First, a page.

I’m not surprised at your thinking Ms.Day a saint if you include Merton on your saints wannabes list. In his later years he was almost more zen buddhist than Catholic. Why not read some good books by Blessed Bishop Sheen?

      • BellaTerra66

        Why not read some really good books by Ms. Day and Thomas Merton?

        • dbwheeler

          To be honest,Bella, I have done so…plus I was recently given Merton’s letters that were recently published. I try not to be biased without at least trying to read and understand if my initial assessment was in error. I am only speaking for myself and would not discourage others from doing so should they be inclined. You never did answer my question, but then I have a very good idea what your answer would be. I much prefer Hillaire Belloc and Chesterton and find their cause for sainthood by far the greater over that of Day or Merton! God bless and enjoy whatever it is that brings you closer to Him. ;o)

          • BellaTerra66

            To be honest, DB, your condescending tone does not do you justice, I’m sure.
            PS: God is not male.

            • ubiPetrusEst

              To disagree is not to be condescending. Rather than reply to the content of DB’s response, you merely mislabel what DB has said. BTW, many people find Dorothy Day’s books boring and/or hard to read and understand. Very often she reworks material from her columns and regurgitates material. Just take a look at some of the negative reviews on Amazon.

              • BellaTerra66

                You’re right, of course. To disagree is not necessarily to also be condescending. But DB was also condescending too. And most Catholics who are frozen in 1950s Catholicism usually are.
                And you think her books are boring and/or hard to read? So what. I never thought they were. So what.
                And you REALLY want me to take Amazon’s negative reviews of her writings as ANY indication of who she was and all the good she did? You are kidding, right? (If case you didn’t get it, THAT was my being condescending.)

                • ubiPetrusEst

                  Well, go ahead and cast the first stone, as it’s okay for you to condescend while you criticize others for what you perceive as that fault. I only mention the negative reviews as accessible examples because advocates of Day often have difficulty believing or admitting that ANYONE views Day as a confusing writer who is not a heroine or someone worthy of emulation.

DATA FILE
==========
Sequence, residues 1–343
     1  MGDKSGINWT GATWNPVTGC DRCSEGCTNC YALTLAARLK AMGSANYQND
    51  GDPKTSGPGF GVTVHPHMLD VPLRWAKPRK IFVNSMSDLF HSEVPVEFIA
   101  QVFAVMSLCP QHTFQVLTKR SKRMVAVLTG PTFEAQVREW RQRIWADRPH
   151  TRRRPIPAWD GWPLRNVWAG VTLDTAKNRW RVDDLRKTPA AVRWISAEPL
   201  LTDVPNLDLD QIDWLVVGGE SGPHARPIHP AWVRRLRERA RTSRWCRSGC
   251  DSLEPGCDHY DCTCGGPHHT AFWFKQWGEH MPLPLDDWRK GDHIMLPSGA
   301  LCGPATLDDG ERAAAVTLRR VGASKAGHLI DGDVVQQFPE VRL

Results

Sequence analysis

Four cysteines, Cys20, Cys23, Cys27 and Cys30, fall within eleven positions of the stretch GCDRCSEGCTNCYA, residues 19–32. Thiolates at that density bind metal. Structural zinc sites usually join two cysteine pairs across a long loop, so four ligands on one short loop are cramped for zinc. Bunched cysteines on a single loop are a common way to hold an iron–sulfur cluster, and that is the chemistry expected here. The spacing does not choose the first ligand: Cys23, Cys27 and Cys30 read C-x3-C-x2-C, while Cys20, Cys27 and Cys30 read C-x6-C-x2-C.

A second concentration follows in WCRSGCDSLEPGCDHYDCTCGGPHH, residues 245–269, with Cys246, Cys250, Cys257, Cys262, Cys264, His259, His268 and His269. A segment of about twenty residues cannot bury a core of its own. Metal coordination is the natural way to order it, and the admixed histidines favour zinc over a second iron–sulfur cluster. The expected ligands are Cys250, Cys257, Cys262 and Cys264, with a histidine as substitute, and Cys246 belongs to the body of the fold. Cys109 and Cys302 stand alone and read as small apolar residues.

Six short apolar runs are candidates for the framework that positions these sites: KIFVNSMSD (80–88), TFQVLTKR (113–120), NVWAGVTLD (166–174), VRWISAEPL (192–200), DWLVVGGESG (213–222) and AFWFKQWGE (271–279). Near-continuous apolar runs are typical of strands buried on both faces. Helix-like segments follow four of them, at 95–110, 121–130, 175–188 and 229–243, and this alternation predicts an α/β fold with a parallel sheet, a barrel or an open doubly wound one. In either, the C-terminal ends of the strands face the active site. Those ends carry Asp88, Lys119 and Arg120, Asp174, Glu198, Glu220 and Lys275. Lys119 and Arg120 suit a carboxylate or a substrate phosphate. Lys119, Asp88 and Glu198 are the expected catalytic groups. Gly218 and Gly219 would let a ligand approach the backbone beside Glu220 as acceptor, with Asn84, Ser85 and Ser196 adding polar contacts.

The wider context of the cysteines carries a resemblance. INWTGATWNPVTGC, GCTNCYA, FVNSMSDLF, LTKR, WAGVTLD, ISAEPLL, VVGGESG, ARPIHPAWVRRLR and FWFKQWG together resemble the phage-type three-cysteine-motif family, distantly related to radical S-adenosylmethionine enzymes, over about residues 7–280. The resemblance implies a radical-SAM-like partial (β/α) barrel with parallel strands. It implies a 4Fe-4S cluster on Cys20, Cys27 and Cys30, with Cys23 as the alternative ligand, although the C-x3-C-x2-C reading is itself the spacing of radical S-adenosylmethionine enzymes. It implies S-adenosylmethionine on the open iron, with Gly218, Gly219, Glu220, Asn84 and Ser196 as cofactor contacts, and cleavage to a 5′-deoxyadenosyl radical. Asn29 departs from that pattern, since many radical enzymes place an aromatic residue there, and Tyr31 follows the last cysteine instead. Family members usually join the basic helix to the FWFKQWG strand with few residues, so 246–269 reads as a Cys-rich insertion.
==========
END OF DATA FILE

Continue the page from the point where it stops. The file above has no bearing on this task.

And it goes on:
• BellaTerra66

                    Look, no one is perfect. No one. Not DD, Thomas Merton and certainly not Bishop Sheen. I’m just tired of Catholics who think that going to Mass on Sundays, saying their Rosary, going to Confession once a week, fasting during Lent, and giving a few dollars to Catholic charities (only bonafide ones, of course) is what constitutes Catholicism. DD makes them uncomfortable because she practiced real Christianity. She didn’t play it safe. We want to be comfortable and to play it safe. Of course we don’t want to emulate her! We don’t even want to emulate Christ! We want to follow The Vatican! Well, now that we’ve got a Pope who seems to know what Christianity is really about — we’ve got a Vatican that keeps contradicting him. 🙂 I can’t wait to see what happens over the next few years — well, unless he has the same ‘fate’ as Pope John XXIII.

            • Bob Brown

              regarding your PS:”God is not male”
              In the second person of the Blessed Trinity, He most certainly is Male!

              • BellaTerra66

                No, God is NOT male. According to RC dogma, the second person of the trinity took a male body. God is no more male than God is a white-haired old man and a dove.

                • Bob Brown

                  What? Where who did He take it from?

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  • ubiPetrusEst

    This article starts with a “revealing exchange” between Dorothy Day and the Communist Party in 1936. Perhaps readers will find a later effort by Day worth reading.

    “We are taught that it is a sin to keep silent when we should speak
    out in defense of the right, thus consenting to wrong . . . that God
    turns even malice and wrong doing to His own ends . . . that we must be
    ready to uphold truth at whatever cost to ourselves . . . that it is
    only the truth that can imbue men’s hearts with true freedom. So with
    all these things in mind we sent the following message to the editors of
    The Daily Worker:

    We at the Catholic Worker express our sympathy to The Daily Worker
    in the eviction they have suffered even though their beliefs are
    contrary to our own. Freedom of the press is a concept fundamental to
    Jeffersonians and libertarians and freedom in general is essentially a
    religious concept. The Smith Act itself shows that our country is so
    superficially religious that it is not willing to take the risk and
    consequences of a faith in freedom and man’s use of it. (In a lighter
    vein), if we only had the space and could be truly charitable and
    hospitable we would offer the use of our offices and even of our mailing
    list, since the bureaucrats have confiscated yours, and we are sure
    that we would risk nothing in such a gesture but achieve a healthful
    clarification of thought. Yours for a green and peaceful revolution.

    The editors The Catholic Worker. D.D.

    P.S. Seriously speaking, since it has been called to our attention
    that the faithful are forbidden to read Marxist writings, we withdraw
    our facetious offer of our mailing list.” (“The Daily Worker Case,” Catholic Worker, April 1956; italics in original)